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Pacing and Thumbnails

Emma_Clare at 12:00AM, Nov. 2, 2018
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Source: Comic Fury

Thumbnailing is a crucial part of the comic making process as it allows you to sort out your pacing and dialogue over the course of a chapter or issue, however, it is often a step that is missed by a lot of creators particularly those learning how to craft a visual narrative (me included).

In case you weren’t sure what I was talking about, thumbnails are a series of very rough sketches of pages that typically take up the space of an A4. The idea is to get the initial composition and panel layout on paper so that you can see how the necessary emotional beats move throughout the chapter and it helps you recognise when you might be repeating the same types of angles.

In the initial stages of creating a story, thumbnails can assist you in work-shopping an idea to see if it really is viable. Once you’ve written out your rough outline, maybe even going so far as to write some dialogue depending on what your process is, sketching it out allows you to see how it will read and where to re-balance parts of your story.

Not only does this stage of comic development help you maintain a consistency in tone and look throughout the rest of the comic, it gives you scope of what you might need to learn to accomplish certain shots or expressions or where you might need to tighten things up. It also gives you a chance to get messy and fluid with your drawings and is a good way to kick the “perfectionist” habit that we all sometimes fall into.

There is no right or wrong way to do thumbnails. It is more about the process itself. The point is not to love your thumbnails but to create a safe space for you to test ideas and see where it is that you might need extra work.

Do you use thumbnails as part of your process? Does it work for you? Let us know in the comments below! And join us on Sunday evening for our Quackchat at 5:30PM(EST) where we’ll be talking about this topic!

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comment

anonymous?

irrevenant at 7:37PM, Nov. 6, 2018

The issue I have with doing small thumbnails of pages is that I often don't know how to map out a page until I can see how much space the dialogue takes up. You can't really do that with thumbnails. How do other people work around that?

PaulEberhardt at 2:13PM, Nov. 5, 2018

I usually have a pretty detailed script, and I've always got a very good idea of what I want the page and the drawings to look like. Whenever I start drawing it all is already there in my head with perhaps just one or two details needing to be added. That's why I've never really felt the need to make thumbnails. But I might use them for some crucial parts if I ever do a longer story.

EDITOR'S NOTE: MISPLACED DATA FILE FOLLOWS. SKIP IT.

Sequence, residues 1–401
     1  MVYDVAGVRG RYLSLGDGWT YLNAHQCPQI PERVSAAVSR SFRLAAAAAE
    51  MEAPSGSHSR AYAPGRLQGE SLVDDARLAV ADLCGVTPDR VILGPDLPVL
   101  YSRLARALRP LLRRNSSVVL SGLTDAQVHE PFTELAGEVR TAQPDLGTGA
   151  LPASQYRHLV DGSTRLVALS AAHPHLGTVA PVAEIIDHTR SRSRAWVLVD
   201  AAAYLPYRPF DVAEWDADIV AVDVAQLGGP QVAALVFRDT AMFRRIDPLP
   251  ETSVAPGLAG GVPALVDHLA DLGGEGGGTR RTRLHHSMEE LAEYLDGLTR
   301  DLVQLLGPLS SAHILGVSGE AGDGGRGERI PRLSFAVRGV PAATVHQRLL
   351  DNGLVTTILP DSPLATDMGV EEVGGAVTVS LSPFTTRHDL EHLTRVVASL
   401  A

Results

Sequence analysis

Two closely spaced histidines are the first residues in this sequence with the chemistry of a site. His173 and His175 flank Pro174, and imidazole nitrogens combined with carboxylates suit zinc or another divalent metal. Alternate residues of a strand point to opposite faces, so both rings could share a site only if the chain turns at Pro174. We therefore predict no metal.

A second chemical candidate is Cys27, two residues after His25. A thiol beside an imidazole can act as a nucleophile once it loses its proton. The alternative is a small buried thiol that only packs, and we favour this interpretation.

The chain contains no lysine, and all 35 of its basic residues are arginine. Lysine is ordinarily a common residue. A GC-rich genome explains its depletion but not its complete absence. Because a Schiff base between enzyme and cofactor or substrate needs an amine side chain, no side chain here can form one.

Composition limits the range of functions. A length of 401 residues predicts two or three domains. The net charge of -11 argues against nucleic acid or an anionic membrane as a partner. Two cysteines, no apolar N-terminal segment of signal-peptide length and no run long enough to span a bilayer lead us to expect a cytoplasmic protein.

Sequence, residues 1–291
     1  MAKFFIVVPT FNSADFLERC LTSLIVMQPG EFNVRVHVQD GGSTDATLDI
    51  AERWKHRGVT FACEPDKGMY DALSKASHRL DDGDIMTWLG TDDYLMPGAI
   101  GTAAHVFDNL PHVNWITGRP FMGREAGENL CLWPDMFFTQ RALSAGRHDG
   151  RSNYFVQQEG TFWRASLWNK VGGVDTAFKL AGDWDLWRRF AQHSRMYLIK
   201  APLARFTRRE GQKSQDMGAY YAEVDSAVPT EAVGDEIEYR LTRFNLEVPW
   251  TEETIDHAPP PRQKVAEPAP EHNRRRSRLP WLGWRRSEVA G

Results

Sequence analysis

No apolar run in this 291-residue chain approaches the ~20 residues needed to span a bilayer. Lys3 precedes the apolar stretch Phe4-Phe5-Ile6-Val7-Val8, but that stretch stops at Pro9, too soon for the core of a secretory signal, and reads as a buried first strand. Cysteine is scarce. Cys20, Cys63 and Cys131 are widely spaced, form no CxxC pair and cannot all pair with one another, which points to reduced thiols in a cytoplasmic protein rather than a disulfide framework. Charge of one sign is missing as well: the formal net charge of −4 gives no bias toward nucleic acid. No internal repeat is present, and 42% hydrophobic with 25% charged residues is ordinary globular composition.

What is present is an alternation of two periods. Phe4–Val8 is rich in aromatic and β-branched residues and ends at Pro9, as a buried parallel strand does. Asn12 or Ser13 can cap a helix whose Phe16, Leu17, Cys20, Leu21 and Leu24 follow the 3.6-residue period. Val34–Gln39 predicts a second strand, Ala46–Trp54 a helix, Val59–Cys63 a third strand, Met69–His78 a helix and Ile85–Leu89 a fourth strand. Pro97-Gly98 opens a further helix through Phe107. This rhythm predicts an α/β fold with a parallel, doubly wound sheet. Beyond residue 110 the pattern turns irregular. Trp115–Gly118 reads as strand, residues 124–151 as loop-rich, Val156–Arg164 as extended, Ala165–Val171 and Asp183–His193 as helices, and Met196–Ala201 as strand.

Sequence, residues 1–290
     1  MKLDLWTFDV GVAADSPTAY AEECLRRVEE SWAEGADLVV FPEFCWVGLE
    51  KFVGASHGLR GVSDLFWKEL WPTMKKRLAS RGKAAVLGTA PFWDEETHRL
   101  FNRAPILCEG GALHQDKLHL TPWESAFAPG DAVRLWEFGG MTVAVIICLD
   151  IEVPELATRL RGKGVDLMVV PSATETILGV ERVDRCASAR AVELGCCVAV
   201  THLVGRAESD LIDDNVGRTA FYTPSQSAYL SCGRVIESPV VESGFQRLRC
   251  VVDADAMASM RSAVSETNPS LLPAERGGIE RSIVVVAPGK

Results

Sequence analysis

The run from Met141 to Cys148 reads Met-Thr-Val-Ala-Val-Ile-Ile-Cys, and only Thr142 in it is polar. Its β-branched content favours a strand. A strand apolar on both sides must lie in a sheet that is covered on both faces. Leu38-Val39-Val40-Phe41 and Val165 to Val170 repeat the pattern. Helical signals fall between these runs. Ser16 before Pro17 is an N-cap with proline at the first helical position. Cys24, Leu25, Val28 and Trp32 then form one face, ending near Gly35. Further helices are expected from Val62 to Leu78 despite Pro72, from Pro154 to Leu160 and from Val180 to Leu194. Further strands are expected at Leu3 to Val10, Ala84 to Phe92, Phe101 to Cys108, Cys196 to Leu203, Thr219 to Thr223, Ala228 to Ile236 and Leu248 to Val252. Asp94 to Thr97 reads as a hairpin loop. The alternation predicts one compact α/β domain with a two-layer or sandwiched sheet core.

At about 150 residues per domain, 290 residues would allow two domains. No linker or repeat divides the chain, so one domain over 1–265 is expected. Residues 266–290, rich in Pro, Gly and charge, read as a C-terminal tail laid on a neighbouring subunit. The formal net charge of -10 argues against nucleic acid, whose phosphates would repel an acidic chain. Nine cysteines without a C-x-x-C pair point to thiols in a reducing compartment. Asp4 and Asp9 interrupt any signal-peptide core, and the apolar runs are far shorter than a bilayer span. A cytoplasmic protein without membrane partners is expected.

EssayBee at 9:47AM, Nov. 5, 2018

I do my rough scripting in a notebook, and jot down panel thumbnails as I script. When I type up the rough scripting, the thumbnails, of course, don't come along, but I at least have them handy for reference. I always like when trade collections include page thumbnails/layouts as extras in the back.

Ironscarf at 7:42AM, Nov. 3, 2018

I thumbnail everything in advance on paper, then often do more thumbnails when it comes to drawing the page in question. After finishing the page, I shed many tears of desperation because all of these thumbnails look better than the finished page.

JaymonRising at 1:17PM, Nov. 2, 2018

That's nothing. In manga, even writers have to create thumbnails for the artists called "namaees", which are essentially rough draft thumbnails which the latter needs to polish.

AmeliaP at 12:48PM, Nov. 2, 2018

Oh, thumbnails. For me, it's that critical part where I decide which stuff stays and what gets out. I thumbnail out in a big panel, having the whole chapter visible in one single paper. I see the rhythm and patterns, usually divided between scenes with three to five pages. This process takes me days to finish.

Jcom at 9:06AM, Nov. 2, 2018

I'll be piecing most of my stories in my mind to better get a sense of the overall arc, and then I'll sketch the strip on panels one at a time. But I like this idea, too.

JustNoPoint at 7:43AM, Nov. 2, 2018

I used to do this on paper but now that my digital studio is mobile I do everything digitally. So now I'll start with a written script. Then I do a bit of a combination. Fast gesture rough thumbs hybrid. My thumbs are now full pages and with Clip Studio I can still see an overview of all the pages at once like in the image you've shown. As for the script/thumbs debate. I cannot script a fight scene well. So I'll note highlights of the fight in the script but I won't truly know how many pages it'll be till I do the thumbs. Because it's a more organic process to make fights in this manner. To me at least.

usedbooks at 5:19AM, Nov. 2, 2018

I write a final dialogue script and thumbnail just before a rough draft page. Prior to that, my story is written in script form (usually in many drafts, and in the initial phases, often fragmented)

Ozoneocean at 4:42AM, Nov. 2, 2018

I only thumbnail out page before I draw them now... I used to thumbnail whole chapters out rather than write out the script! But a written script works better than a visual one.

bravo1102 at 2:51AM, Nov. 2, 2018

Since many of my panels are from photos I often compose them looking through the lens like a film maker. Since the figures are posed as nd shot in sequence I map the flow as I proceed. Usually putting everything together in Photoshop I can play with layouts and layers as I go. Often the scripts are detailed enough to suggest obvious page breaks and transitions. I may not actually use thumbnails but I do everything short of it.


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